I’d submit that social production, a centerless Plan B model for enterprise journalism, is having trouble producing great stories for the same reason that Here Comes Everybody wasn’t written by “everybody.” Important books, like great journalism require authorship, a power journalists require and deserve at least as much as FON thinkers. Can Plan B support authors? If so, great. But as Rosen asks, how exactly?

But, again, the story is the thing. However we get there, it’s all the same to me.
Somehow, I’m supposed to be against newspaper innovation, like that said to be going on at the Journal Register Company. Actually, I have no opinion on JRC’s innovations; those will be measured by the journalism they produce. You certainly won’t find me rooting against its new investigative team, for instance. But if the new I-team does produce great stories, will it be because of FON ideas or because an institution decided to form an investigative team? And if you’re wondering whether JRC is in fact an institution, a good rule of thumb is that anything owned by a secretive hedge fund run by a man who hasn’t granted an interview since the Reagan administration almost certainly is one.

The larger question looming behind this entire debate, though, is whether the FON consensus believes that the story really is the thing, that is, whether it believes in the centrality of the great story. I’m happy to have that debate, though the “anti” side would be a bold position for any journalism academic to take. Shirky, for one, has made it clear he knows the story is, if not the thing, is indeed a very big thing.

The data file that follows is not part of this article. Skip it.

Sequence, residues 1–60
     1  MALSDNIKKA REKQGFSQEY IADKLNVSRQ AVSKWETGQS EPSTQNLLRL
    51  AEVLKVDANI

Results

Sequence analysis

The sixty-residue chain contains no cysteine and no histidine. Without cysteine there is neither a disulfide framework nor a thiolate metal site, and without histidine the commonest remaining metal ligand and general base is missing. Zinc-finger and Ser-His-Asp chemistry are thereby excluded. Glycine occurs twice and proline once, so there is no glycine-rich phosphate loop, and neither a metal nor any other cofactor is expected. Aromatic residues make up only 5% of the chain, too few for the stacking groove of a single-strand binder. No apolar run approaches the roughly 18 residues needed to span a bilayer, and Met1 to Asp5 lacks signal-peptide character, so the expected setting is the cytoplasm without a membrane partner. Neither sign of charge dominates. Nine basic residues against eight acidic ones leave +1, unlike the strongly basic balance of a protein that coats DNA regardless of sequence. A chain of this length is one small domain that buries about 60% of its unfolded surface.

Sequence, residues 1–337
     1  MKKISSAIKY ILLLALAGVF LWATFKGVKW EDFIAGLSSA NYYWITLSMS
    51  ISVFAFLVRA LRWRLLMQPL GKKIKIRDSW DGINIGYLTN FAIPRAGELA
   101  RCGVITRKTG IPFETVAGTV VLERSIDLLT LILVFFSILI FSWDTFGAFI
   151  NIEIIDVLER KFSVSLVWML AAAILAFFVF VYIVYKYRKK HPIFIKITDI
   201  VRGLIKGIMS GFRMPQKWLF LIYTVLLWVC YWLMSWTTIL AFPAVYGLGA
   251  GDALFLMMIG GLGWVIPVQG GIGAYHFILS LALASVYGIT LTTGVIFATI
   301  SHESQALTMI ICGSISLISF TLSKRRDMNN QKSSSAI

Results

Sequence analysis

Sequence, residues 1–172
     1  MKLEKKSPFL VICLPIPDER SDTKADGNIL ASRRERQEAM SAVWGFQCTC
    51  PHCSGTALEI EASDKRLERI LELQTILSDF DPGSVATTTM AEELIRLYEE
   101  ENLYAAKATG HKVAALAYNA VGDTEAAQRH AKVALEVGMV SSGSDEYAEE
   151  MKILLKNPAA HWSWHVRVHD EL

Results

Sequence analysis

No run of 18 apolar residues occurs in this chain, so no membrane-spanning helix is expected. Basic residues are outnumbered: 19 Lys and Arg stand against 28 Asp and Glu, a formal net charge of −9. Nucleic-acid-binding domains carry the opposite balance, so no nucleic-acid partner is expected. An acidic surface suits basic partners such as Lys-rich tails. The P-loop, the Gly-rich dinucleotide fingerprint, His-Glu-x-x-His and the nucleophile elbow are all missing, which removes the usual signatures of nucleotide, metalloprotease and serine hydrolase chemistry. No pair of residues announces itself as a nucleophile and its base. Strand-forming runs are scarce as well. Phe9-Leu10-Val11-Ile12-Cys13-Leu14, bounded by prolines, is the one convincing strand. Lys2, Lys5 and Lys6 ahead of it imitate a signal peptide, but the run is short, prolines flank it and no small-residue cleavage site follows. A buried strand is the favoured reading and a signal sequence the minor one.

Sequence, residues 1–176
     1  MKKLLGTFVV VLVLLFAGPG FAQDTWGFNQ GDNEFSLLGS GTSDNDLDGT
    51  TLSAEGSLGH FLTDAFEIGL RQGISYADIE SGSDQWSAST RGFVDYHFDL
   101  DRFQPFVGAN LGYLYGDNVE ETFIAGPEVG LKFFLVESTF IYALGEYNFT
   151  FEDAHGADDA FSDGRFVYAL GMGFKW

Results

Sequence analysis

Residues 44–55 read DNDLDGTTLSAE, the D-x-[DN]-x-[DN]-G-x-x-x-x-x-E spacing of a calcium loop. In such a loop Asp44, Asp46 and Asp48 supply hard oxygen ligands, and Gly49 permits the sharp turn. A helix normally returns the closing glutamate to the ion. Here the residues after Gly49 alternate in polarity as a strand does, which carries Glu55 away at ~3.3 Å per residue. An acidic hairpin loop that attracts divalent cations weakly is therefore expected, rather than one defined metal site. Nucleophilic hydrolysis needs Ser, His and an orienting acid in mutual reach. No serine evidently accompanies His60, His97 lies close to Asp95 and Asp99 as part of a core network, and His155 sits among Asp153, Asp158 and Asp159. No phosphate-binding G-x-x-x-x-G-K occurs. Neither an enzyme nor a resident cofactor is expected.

All of which makes me wonder whether I’m basically, well, right: that the Neo-Institutional Hub-and-Spoke (Hubster) model is exactly where we’re heading, in fact, if not in theory. Mathew Ingram, for instance, didn’t like my piece at all and yet, like me, cites the Guardian as a model (when you’re going good, everybody loves you). Actually, though, sorry, the Guardian is on my side: It’s a journalism institution that happens to be making the most of new tools and benefiting from the amplifying, reverberating power of networks—the “neo” in my model.

Shirky might ask, yes, but how do you finance all this fabulous bureaucracy? I say, well, you might start with a freaking pay wall. But, really, I don’t pretend to know, and I have a lot of company since, as Shirky agrees, nobody does.

Still, we at least should figure out what we’re trying to produce before we try to figure out how to finance it. Us Hubsters already know: Great stories.

As this debate rolls forward, and thinkers such as Shirky, Rosen, and others forge their separate and important path, I would hope they help the FON school clarify and articulate its own aims. What, in the end, does it want?

Dean Starkman Dean Starkman runs The Audit, CJR's business section, and is the author of The Watchdog That Didn't Bark: The Financial Crisis and the Disappearance of Investigative Journalism (Columbia University Press, January 2014).

Follow Dean on Twitter: @deanstarkman.